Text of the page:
Although this may initially appear to be more of a global concern, the UK is also focusing on this as part of its growth, as access to the internet has become an essential foundation and key target for the collective space sector.
In order to assist with ongoing projects, the space industry will need to consider boosting the number of satellites and constellations. LEO satellites can connect people across the world to high-speed internet where established ground infrastructure is hard to reach, making them an attractive solution to close the rural connectivity gap.
A key benefit is that we can begin to develop a deeper understanding of the environment in these places and learn how to monitor for storms, assess their impact, and provide guidance for agriculture operations.
In addition, rural areas are usually more expensive to deliver broadband to due to the geographies of some of these areas. This means also there is an increase in installation costs, and low population densities reduce the commercial return for providers.
It seems likely that significant progress in addressing this concern in the future, will be made through the planned satellite constellations. This improved connectivity will provide access to work, school, and medical care.
Addressing future air quality concerns using satellite technology
If the UK space sector is to continue to grow, it is important that air quality measuring projects are included in ongoing investment plans.
This will require much planning and the implementation of communication, control, command, and detection systems to support operations. However, this can be achieved if the UK government focuses on strengthening the air quality regulations.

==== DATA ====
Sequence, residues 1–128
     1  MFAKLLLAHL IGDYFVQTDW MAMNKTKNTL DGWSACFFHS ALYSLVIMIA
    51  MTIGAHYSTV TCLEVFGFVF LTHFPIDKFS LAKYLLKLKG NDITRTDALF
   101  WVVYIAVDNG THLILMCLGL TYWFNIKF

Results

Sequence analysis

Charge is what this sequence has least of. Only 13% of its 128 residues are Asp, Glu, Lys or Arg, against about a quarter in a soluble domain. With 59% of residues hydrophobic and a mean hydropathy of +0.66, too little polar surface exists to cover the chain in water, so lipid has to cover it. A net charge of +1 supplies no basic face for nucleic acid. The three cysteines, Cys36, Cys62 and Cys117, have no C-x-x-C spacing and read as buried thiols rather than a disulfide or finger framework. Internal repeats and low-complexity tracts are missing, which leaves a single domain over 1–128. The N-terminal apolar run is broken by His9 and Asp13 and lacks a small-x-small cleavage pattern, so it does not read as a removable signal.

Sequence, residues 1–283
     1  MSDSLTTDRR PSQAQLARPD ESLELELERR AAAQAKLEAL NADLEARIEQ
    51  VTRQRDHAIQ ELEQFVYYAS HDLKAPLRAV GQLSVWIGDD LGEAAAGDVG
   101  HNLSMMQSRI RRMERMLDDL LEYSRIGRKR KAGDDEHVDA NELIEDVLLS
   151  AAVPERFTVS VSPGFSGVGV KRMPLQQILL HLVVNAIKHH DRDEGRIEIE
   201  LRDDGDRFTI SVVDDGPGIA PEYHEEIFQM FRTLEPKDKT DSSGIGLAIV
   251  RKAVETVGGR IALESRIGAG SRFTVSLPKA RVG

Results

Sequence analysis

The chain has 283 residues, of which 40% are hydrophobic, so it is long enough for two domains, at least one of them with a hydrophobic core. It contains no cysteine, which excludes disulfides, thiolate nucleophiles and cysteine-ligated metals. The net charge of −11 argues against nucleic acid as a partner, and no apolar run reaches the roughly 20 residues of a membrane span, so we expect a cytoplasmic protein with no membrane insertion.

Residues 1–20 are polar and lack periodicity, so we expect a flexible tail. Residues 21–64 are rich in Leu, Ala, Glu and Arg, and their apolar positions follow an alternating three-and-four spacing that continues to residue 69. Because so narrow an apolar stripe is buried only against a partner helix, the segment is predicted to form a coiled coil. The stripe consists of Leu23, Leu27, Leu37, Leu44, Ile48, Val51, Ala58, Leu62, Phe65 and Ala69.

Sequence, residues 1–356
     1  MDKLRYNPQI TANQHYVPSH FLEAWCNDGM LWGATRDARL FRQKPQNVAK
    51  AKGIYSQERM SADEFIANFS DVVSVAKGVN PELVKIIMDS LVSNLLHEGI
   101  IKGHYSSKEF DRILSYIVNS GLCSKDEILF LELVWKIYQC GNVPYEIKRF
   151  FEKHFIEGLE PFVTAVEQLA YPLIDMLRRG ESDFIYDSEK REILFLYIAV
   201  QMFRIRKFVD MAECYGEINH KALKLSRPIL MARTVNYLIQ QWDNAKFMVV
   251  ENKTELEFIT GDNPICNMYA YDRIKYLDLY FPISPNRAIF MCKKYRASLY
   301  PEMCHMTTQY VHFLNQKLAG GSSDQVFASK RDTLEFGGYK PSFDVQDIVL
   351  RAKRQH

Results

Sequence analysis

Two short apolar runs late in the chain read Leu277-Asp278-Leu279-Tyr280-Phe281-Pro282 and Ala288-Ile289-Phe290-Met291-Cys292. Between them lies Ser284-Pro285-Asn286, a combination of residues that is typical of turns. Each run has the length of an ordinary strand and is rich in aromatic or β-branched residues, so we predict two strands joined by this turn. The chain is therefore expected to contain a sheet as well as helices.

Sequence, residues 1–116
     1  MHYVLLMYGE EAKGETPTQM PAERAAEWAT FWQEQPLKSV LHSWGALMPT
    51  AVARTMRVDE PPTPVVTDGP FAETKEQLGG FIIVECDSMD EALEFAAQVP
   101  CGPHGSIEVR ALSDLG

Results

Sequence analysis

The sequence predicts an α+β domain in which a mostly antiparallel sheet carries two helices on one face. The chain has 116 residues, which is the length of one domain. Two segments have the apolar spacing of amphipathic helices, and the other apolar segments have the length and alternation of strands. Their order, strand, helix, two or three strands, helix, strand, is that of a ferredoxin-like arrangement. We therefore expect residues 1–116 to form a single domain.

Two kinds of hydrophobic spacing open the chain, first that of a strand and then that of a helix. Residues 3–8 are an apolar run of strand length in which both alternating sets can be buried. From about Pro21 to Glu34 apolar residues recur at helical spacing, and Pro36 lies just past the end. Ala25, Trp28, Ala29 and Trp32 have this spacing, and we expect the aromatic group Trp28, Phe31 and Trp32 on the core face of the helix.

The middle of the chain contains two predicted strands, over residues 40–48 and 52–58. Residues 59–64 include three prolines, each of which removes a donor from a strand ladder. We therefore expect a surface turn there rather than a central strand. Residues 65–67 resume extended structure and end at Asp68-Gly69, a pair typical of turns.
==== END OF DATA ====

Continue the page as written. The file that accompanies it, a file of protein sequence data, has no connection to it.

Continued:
Satellites and drones are designed to identify key pollutants and remove biases associated with ground-level measurements. Satellite networks could be utilised to improve communications and control.
With the addition of Artificial Intelligence, it would be possible to identify likely conflicts and provide warnings to operators more easily. There are still concerns to be addressed when it comes to satellites and air quality, namely the limited spatial and temporal resolution.
As it currently stands, scientists are mainly able to use satellites to generate snapshots of poor air quality, whilst still lacking the data to fully understand regional variability. Although much progress has been made, there is room for improvement.
International space agencies are investing heavily in pollution monitoring projects, which is important for the UK. An example of this can be seen through the launch of NASA TEMPO7 (Tropospheric Emissions Monitoring of Pollution), which is scheduled to depart later this month. Using satellite technology, the NASA TEMPO will be the first space-based instrument to monitor air pollution across North America. The UK, as part of its investment, will also be focusing on this, as it looks to be a major contributor to ongoing efforts.
Looking to the future
If the volume of space debris continues to increase, it will pose a huge threat to future satellite launches along with deployed satellites, and the planned government/commercial space stations. Similarly, air quality monitoring or control and boosting network resilience will be markers of success.
The first quarter of 2023 has seen ups and downs for the UK space sector. A failure to launch from the UK’s first spaceport was a temporary setback for its use. Still, operators are already looking for other locations to develop launch systems and launch payloads.
There is confidence in the UK’s prospects, the market potential is great, and Britain has a chance to establish itself as an industry leader, as each country races to mark out their territory in space.